HTTP Caching allows the browser to store a copy of an image for a period of time, preventing the browser from reloading the same image on subsequent page loads and thus dramatically increasing performance. To cache your images, update your web server configuration to provide a expires header to your image responses from the server. For images that do not change often, you should specify a “far future” expires header, typically a date 6 months to a year out from the current date.
Note that even with a far future Expires date, you can always change the image later by modifying the referenced filename using versioning, for example MyImage.png become MyImage_v2.png For more information, see revving filenames.
5. Domain Sharding Not Implemented
Sites impacted: 64%
Most browsers typically support 2-4 concurrent downloads of static resources for each hostname. Therefore, if your page is loading many static resources from the same hostname, the browser will bottleneck in a stair-step fashion downloading all the content. By splitting resources across 2 different domains, you can effectively double browser throughput downloading the required links.
Note that it may be administratively difficult to physically move your files to different hostnames, so as a clever “trick” you can utilize DNS CNAME records to map different hostnames to the same origin. For example, static1.example.com and static2.example.com could both map to static.example.com, thus prompting the browser to load twice as many links concurrently as before, without requiring you physically move the files on the server. For more information see Maximizing Parallel Downloads in the Carpool Lane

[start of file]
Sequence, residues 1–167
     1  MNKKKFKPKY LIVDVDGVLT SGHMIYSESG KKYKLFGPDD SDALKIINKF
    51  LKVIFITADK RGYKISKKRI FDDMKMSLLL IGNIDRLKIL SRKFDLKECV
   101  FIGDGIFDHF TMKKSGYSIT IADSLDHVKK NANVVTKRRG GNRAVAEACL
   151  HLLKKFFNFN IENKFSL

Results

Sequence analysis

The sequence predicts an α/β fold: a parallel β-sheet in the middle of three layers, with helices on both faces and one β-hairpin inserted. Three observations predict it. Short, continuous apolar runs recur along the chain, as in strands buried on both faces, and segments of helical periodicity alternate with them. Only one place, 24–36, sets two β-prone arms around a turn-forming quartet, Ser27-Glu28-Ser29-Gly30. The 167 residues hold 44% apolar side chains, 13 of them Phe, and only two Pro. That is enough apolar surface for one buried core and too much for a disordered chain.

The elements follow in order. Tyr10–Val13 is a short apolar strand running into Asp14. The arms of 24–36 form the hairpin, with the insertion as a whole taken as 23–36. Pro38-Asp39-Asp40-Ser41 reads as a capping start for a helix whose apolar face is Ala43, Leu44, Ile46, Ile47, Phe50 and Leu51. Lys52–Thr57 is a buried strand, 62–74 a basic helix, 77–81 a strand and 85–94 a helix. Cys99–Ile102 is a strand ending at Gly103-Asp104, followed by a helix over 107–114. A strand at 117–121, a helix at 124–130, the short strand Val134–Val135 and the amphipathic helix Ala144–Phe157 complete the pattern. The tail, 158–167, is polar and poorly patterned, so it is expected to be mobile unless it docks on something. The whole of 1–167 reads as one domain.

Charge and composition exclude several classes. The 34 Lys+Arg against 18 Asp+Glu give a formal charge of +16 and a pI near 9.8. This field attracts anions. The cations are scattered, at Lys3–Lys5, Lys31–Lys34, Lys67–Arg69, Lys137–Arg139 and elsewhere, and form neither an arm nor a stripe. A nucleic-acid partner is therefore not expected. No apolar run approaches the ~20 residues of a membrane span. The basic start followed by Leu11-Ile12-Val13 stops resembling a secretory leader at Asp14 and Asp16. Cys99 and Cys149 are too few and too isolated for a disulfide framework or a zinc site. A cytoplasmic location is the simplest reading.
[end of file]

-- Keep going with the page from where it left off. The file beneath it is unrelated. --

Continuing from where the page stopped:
Of course too much concurrency has its own drawbacks on performance, so testing should be done to find the optimal balance.
Want to see if your website has these problems? Try a free performance scan to learn more about these and 395 other performance best practices.
1. Too Much Fancy Flash
Fancy isn’t always fun. In fact, Flash can seriously slow down your website. Flash is the sumo wrestler of software – it’s big and bulky. And here’s one more vote against it: Flash is almost always incompatible with mobile devices, meaning that a large chunk of your audience won’t even be able to access it. So, if you’re using Flash, you’re slowing down your site for minimal benefit.
2. External Embedded Media
Another common culprit for a slow-running website is external media usage. That means cutting down on the videos and shiny stuff – they’re like carbs. Use them in moderation. Although you may find a fun video or smart slideshow that you think is relevant to your business, think twice before embedding someone else’s media into your site. Once you embed external material into your site, your pages will only run as fast as the host site. In other words, if that external site is having a particularly slow day, your site may run slowly too. Don’t let another site drag yours down! Whenever possible, it’s smart to host all content on your own server.